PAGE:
When a team relies so heavily on good communication to perform well, hiring for communication skills is integral. Auth0 has a different hiring process than most—one that allows the team to assess “soft skills” such as communication, ways of handling code review in a team setting, as well as their underlying engineering ability.
The candidate is given a project to work on for one week. But instead of going away and working on it alone, the candidate is integrated into the team for that week.
- They are asked to join a single-channel Slack with all team members.
- They are given the project in that channel. Importantly, it isn’t overly detailed, which leaves room for interpretation and questions from the candidate.
- They do research and communicate in the channel about the project. Any questions are answered by the team.
- The candidate writes code and submits PRs. Some communication is via code review; other communication is done through the Slack channel.
“It is a simulation of being a part of the team, not just code review, the whole package. It is important because you learn about the communication skills and other soft skills of the candidate, and the code review is a part of it,” Umut told us. “How does this candidate handle conflict if we say something totally opposite and sometimes wrong? What is the discussion like?”
This team benefits from seeing the candidate’s communication skills in a real-world environment and understanding if the candidate is someone who will fit the team’s code review and communication style by concentrating on larger issues and, as Umut puts it, “not struggling with small stuff that is not really important.”
Clarity of communication is critical in remote company code review
How does code review work in a remote culture? “I’ve never heard anyone complaining about code review being hard due to remote, and I don’t think it is as well,” Umut said.
Code review can work better in remote work because the culture puts such an emphasis on communication. “You need to understand it alone without an explanation and without any pressure, where you focus on the code and nothing but the code,” Umut told us. This means the code owner has to be explicit about what they mean in code comments and in the description of the PR.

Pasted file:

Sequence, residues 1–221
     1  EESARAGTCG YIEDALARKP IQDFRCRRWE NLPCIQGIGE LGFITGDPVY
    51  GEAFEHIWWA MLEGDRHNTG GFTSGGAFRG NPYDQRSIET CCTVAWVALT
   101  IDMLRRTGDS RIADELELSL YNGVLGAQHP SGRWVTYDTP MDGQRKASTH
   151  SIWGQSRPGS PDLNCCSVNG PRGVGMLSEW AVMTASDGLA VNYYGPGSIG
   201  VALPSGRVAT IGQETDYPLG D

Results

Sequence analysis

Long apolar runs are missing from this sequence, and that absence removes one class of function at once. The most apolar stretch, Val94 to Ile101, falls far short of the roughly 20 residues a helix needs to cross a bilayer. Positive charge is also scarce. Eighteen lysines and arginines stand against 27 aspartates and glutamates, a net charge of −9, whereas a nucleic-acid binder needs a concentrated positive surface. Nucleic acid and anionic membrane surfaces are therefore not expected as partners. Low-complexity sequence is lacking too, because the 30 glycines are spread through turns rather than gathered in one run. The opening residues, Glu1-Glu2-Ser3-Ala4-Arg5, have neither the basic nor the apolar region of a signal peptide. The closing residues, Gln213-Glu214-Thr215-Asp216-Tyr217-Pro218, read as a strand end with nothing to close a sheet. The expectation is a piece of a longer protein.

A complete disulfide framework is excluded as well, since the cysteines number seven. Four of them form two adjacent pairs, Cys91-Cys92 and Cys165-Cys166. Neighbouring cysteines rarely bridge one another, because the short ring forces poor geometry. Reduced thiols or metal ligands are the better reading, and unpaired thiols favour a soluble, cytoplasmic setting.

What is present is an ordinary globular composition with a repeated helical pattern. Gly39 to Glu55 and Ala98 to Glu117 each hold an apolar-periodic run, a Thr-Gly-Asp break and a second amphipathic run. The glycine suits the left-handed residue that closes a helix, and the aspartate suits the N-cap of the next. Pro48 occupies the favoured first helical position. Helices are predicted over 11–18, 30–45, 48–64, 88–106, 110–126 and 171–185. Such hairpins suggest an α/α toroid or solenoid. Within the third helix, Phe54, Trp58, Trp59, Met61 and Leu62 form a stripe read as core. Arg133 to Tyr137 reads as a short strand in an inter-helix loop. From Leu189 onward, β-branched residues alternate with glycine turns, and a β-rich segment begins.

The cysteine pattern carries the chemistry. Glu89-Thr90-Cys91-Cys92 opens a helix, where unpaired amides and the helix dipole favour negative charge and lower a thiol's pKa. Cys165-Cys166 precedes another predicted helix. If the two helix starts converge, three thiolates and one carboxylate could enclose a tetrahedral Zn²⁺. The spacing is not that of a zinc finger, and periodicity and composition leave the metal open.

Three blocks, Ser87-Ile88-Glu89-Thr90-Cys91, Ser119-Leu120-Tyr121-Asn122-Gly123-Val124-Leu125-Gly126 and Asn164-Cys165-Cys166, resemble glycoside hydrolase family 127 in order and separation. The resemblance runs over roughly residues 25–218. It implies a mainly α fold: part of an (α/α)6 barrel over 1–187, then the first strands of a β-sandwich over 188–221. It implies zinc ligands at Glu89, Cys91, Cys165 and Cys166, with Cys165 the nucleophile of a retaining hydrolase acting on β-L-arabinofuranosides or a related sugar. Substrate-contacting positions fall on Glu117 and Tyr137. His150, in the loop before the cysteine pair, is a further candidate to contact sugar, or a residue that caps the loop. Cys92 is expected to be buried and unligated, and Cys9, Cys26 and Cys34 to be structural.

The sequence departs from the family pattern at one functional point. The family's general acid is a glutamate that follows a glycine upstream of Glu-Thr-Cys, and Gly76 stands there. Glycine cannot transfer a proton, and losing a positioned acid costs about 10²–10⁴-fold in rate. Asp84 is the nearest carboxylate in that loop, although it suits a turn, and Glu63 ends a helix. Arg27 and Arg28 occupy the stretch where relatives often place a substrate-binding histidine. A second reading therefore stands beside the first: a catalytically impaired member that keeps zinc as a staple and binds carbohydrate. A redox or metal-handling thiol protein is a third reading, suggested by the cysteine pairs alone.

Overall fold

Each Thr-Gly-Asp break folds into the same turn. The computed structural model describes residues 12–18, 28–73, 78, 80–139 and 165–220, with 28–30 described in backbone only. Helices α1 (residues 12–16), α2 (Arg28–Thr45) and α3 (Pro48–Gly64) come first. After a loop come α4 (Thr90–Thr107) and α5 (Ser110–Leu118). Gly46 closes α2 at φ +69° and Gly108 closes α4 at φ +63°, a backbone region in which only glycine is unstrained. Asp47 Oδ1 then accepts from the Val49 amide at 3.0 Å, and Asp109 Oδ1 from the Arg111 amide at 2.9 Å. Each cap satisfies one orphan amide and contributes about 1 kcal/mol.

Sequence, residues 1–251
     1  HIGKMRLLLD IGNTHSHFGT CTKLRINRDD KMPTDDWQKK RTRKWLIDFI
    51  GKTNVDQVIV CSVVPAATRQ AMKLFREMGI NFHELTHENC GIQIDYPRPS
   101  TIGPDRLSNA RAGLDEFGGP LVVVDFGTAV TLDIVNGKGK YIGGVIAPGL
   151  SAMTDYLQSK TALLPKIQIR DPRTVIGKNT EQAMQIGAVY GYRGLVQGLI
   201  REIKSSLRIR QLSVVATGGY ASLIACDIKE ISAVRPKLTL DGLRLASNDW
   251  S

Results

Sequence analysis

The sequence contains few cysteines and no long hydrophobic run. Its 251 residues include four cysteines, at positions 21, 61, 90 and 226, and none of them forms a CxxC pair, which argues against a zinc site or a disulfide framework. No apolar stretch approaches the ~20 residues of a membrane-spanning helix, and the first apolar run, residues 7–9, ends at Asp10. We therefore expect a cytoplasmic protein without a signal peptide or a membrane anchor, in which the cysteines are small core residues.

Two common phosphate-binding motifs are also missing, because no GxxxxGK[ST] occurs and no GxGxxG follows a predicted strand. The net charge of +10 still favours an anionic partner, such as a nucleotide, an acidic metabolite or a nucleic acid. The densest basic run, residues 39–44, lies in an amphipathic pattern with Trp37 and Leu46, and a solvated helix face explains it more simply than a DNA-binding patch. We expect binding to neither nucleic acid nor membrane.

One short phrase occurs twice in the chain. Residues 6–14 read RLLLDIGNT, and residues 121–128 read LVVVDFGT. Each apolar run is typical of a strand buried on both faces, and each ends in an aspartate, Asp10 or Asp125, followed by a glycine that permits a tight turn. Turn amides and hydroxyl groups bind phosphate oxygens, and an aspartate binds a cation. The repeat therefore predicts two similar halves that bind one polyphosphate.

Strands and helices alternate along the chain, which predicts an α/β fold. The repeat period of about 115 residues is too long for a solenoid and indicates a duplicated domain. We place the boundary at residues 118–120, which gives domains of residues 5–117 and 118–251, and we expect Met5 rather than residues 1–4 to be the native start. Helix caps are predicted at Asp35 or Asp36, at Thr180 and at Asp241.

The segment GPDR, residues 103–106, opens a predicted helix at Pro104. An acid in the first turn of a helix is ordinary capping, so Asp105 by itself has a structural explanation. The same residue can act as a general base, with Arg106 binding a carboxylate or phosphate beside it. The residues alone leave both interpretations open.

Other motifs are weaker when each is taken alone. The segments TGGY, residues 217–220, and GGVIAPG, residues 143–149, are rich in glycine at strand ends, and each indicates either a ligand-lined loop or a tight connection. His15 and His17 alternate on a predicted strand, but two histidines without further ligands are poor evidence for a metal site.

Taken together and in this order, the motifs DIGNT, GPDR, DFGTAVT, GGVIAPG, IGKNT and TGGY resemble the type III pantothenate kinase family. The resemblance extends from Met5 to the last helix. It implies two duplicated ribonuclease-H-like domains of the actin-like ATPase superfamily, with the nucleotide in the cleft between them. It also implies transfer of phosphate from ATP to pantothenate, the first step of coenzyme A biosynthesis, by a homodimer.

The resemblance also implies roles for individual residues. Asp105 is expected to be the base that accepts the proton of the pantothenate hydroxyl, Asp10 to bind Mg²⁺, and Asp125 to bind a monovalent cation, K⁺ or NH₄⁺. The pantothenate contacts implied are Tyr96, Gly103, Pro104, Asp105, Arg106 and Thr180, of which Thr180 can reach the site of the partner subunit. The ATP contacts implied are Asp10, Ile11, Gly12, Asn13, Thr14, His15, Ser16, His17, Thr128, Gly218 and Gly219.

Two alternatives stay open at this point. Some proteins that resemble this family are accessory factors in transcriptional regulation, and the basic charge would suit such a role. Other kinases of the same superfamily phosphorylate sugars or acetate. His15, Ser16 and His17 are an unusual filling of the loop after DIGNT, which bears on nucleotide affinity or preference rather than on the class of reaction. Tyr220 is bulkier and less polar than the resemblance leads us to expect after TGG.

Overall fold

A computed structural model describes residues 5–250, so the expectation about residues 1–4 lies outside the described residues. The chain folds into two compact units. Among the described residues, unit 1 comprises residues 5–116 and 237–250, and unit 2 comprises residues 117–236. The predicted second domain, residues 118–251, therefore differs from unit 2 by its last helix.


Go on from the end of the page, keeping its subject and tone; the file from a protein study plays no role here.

“I don’t think this is special to remote culture. This has to be that way every time, but when you are remote, it is much more important,” Umut said.
Of course, code review in a remote culture also has downsides. If you and your reviewer have time-zone differences, you might have to wait an entire day to get a review or to get an answer to a question. But that can be mitigated through better up-front communication in Slack and stand-ups. If you feel that someone is taking too long with a code review, you note it and bring it to the meeting—you don’t start an argument in the review.
On the reviewer side, making time for review in a remote culture is the same as in-office. One “hack” Umut had at a previous co-located job was to work in code reviews after a natural work break so that it didn’t impede the flow of your own work.
“After every break, someone going to coffee, they get back and before starting their routine, they check for pending code review,” Umut told us. “We tried to not interrupt people just to have the code review, but took advantage of the interruption to do code review. It was pretty nice.”
It can be hard not to take bad reviews personally. That is why emphasizing communication skills is so important in a tech team. One reviewer can drag down an entire team by nitpicking and imposing small details on every PR.
Effective teams, like those at Auth0, see code review differently. They are there for the mission critical stuff. They are there to make sure the code in the PR works as best it can. You do that by moving opinions to other channels of communication and making the reviews about data and performance.
This works only if you build those skills in your team. Great code can’t be written without great communication, so the more you build that in your team, the better your code will be.